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Asso. Of Ghanaian-based US Lawyers React To Bawku Brutalities   
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One of the victims of the Military brutalities in Bawku.
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The Association of Ghanaian Lawyers of America (AGLA) has learned with shock the cruel and inhuman treatment some personnel of the Ghana Military Service recently meted out to residents of Bawku. Two of the victims reported to be teachers in the area have been thoroughly humiliated by the egregious conduct of the military personnel deployed to the area to quell renewed violence in the region.

AGLA is astounded at this conduct, now memorialized in grotesque photographs of persons being forcibly paraded naked on the streets of Bawku, one with a gun stuck in his mouth. These photographs are circulating freely on the internet and social networking sites. The world’s conscience is shocked. Even more shocking are the attempts to cover up the army’s unprofessional conduct with implausible explanations. The result has been a terribly tarnished image of our otherwise internationally acknowledged professional men and women in uniform and, by extension, our country. Their conduct is incongruous with Ghana’s ideals and its newfound image.

As if these acts and the cover-up attempts were not bad enough, the minister of state responsible for the area is quoted to have suggested that perhaps this treatment is preferable to murder and hence, it is justified as it is not the worst form of punishment. AGLA strongly disagrees with the treatment given to these Ghanaians and the minister’s position.

The humiliation suffered by these victims may be worse than murder. However we posture it, one thing is clear: no person deserves to be disrespected and demeaned in this manner and under any circumstance. In more civilized societies, such conduct will immediately trigger an investigation and resignations including the minister who made that ridiculous statement and those who failed to safeguard the rights of these individuals. We ask no less of our country and its leaders. While we concede to the inflammatory nature of the Bawku crisis and how troubling it has been for our country, we cannot make exceptions for how any person can be singled out for such inhumane treatment on account of the conflict. Members of our military who carried out these brutalities acted in an unwarranted, unprofessional and unconstitutional manner, plain and simple. Their actions must be condemned unconditionally and an internal investigation instituted to nip repetition of such conduct in the bud.

As a professional organization, we ask that the military itself move quickly to salvage its image by exhibiting strong leadership in line with its own ethics and regulations even before the president or government gets involved. By regulating itself the military will assure the public of its ability to discipline its members and set an example for future conduct. Needless to say, its finding must be made public and the perpetrators must be punished accordingly. To those who have been violated, we strongly urge them to utilize our courts to elicit justice. And, to civil society, we solicit genuine outrage and ask that our voices be heard echoing the choice Ghanaians made to pursue a democratic system of governance in 1992. It is important that our democracy is protected through the exercise of individual’s rights. Such rights include challenging perceived untouchables who might otherwise get away with their acts of brutality in our courts.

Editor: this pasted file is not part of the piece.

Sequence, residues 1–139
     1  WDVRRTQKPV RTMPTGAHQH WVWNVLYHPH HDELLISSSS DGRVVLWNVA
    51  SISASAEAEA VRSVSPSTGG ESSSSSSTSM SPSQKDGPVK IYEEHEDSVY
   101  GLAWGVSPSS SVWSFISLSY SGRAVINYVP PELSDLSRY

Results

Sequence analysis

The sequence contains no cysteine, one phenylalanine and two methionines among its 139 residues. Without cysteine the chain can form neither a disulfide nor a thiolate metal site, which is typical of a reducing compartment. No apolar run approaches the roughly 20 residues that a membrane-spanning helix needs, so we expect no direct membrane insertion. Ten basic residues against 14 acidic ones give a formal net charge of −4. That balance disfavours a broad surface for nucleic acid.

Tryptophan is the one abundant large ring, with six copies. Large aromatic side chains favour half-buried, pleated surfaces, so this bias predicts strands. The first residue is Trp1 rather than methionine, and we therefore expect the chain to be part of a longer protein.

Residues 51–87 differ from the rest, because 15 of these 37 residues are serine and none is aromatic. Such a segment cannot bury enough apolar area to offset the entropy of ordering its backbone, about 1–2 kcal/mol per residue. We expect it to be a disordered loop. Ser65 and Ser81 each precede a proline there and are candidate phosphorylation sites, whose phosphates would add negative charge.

It is AGLA’s position that government officials must begin to appreciate the fiduciary duty of their offices to the people of Ghana and align their actions and pronouncements accordingly with those whom they are supposed to serve. It is time to redefine leadership as service in order to move our country forward. Acts of violence such as these are an abuse of power and must not be tolerated regardless of whom such violence is directed against.

Ghana’s newfound image as a decent oasis of peace in a largely troubled region of the world cannot afford the prolonged crisis in Bawku and other hot spots. The sporadic conflicts must be mediated and peace must prevail. But, it engenders despair when the institutions we have entrusted to help parse out reason from violence fail us, too, by reacting unprofessionally to an already volatile situation. We cannot accept the notion that this reaction is commensurate to the violence that exists in Bawku. Our law courts and institutions can be utilized to reach settlements. At the very least, this is the choice that we proclaimed when we opted for democracy. AGLA, therefore, asks the military to act now. With regard to the minister, we are certain that he will do the right thing as, in fact, he appears to have has lost his edge to lead. We leave it to his better judgment.

"About AGLA"

About the Association of Ghana Lawyers of America The Association of Ghanaian Lawyers of America is incorporated in New York as a domestic-not-for-profit organization and is established for the purposes of facilitating and improving the administration of justice both in Ghana and in the United States of America; serving the needs of members of the Ghanaian and American communities as a whole in their understanding of and access to law and the courts; and educating and assisting member attorneys and promoting the spirit of collegiality among the members thereof.

For more information see: www.ghanalawyersusa.com.


Kwaku Boafoh Agyeman, Esq.

President, AGLA

Tel: (973) 821-5377

E-mail:[email protected]

Website: www.ghanalawyersusa.com

Source: Ghanaweb

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